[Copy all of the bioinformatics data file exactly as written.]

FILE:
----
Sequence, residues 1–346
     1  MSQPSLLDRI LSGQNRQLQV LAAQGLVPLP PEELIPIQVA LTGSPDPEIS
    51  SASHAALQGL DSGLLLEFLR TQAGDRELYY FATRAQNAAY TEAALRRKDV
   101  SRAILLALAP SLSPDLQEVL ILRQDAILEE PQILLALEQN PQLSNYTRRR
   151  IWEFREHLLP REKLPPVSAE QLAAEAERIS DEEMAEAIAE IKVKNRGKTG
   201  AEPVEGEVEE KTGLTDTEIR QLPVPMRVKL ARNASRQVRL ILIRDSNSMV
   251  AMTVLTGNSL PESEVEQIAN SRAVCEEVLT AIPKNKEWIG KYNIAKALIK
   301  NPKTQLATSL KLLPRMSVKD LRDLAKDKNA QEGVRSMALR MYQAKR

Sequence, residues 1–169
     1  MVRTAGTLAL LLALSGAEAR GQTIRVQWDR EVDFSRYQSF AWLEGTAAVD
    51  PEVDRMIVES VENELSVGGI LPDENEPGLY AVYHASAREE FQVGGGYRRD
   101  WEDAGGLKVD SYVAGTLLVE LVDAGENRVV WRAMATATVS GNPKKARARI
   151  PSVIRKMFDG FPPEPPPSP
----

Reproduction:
Sequence, residues 1–346
     1  MSQPSLLDRI LSGQNRQLQV LAAQGLVPLP PEELIPIQVA LTGSPDPEIS
    51  SASHAALQGL DSGLLLEFLR TQAGDRELYY FATRAQNAAY TEAALRRKDV
   101  SRAILLALAP SLSPDLQEVL ILRQDAILEE PQILLALEQN PQLSNYTRRR
   151  IWEFREHLLP REKLPPVSAE QLAAEAERIS DEEMAEAIAE IKVKNRGKTG
   201  AEPVEGEVEE KTGLTDTEIR QLPVPMRVKL ARNASRQVRL ILIRDSNSMV
   251  AMTVLTGNSL PESEVEQIAN SRAVCEEVLT AIPKNKEWIG KYNIAKALIK
   301  NPKTQLATSL KLLPRMSVKD LRDLAKDKNA QEGVRSMALR MYQAKR

Sequence, residues 1–169
     1  MVRTAGTLAL LLALSGAEAR GQTIRVQWDR EVDFSRYQSF AWLEGTAAVD
    51  PEVDRMIVES VENELSVGGI LPDENEPGLY AVYHASAREE FQVGGGYRRD
   101  WEDAGGLKVD SYVAGTLLVE LVDAGENRVV WRAMATATVS GNPKKARARI
   151  PSVIRKMFDG FPPEPPPSP